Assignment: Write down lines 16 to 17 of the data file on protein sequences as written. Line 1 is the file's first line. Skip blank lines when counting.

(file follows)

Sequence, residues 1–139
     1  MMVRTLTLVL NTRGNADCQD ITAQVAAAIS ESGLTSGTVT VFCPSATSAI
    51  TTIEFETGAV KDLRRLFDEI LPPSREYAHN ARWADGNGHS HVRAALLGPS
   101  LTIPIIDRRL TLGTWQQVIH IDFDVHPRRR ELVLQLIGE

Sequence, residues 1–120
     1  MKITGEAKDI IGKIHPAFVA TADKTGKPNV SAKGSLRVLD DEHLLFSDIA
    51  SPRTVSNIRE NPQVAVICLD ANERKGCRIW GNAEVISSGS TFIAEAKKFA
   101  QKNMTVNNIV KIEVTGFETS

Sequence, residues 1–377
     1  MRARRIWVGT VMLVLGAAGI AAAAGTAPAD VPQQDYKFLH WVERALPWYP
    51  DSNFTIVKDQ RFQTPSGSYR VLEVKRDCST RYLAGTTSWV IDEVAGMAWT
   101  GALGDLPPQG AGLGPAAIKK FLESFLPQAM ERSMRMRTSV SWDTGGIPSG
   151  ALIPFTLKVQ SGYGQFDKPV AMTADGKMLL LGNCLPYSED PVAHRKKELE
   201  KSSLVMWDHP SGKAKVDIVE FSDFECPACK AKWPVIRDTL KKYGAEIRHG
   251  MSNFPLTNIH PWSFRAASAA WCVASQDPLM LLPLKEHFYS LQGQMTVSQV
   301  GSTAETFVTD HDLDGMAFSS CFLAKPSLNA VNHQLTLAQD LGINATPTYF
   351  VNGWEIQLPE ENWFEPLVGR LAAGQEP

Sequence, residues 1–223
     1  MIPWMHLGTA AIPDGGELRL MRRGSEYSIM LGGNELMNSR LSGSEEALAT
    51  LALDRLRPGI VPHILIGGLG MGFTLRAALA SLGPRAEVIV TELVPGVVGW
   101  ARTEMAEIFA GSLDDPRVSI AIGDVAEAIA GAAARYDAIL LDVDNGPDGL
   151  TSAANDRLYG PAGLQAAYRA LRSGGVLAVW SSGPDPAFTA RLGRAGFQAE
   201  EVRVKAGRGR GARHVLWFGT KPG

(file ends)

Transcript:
   301  GSTAETFVTD HDLDGMAFSS CFLAKPSLNA VNHQLTLAQD LGINATPTYF
   351  VNGWEIQLPE ENWFEPLVGR LAAGQEP